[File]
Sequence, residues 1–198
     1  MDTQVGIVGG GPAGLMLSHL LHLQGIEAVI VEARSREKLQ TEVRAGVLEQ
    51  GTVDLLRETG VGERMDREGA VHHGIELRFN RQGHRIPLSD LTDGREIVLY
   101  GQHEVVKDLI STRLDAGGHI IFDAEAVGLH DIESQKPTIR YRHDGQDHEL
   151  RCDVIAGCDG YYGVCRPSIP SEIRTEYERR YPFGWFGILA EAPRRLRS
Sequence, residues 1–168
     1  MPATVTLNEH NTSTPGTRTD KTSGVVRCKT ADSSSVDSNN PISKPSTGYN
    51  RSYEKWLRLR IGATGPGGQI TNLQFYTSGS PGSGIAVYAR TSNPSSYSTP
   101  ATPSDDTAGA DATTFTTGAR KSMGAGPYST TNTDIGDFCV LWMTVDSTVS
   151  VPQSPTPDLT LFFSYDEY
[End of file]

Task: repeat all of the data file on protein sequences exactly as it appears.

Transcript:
Sequence, residues 1–198
     1  MDTQVGIVGG GPAGLMLSHL LHLQGIEAVI VEARSREKLQ TEVRAGVLEQ
    51  GTVDLLRETG VGERMDREGA VHHGIELRFN RQGHRIPLSD LTDGREIVLY
   101  GQHEVVKDLI STRLDAGGHI IFDAEAVGLH DIESQKPTIR YRHDGQDHEL
   151  RCDVIAGCDG YYGVCRPSIP SEIRTEYERR YPFGWFGILA EAPRRLRS
Sequence, residues 1–168
     1  MPATVTLNEH NTSTPGTRTD KTSGVVRCKT ADSSSVDSNN PISKPSTGYN
    51  RSYEKWLRLR IGATGPGGQI TNLQFYTSGS PGSGIAVYAR TSNPSSYSTP
   101  ATPSDDTAGA DATTFTTGAR KSMGAGPYST TNTDIGDFCV LWMTVDSTVS
   151  VPQSPTPDLT LFFSYDEY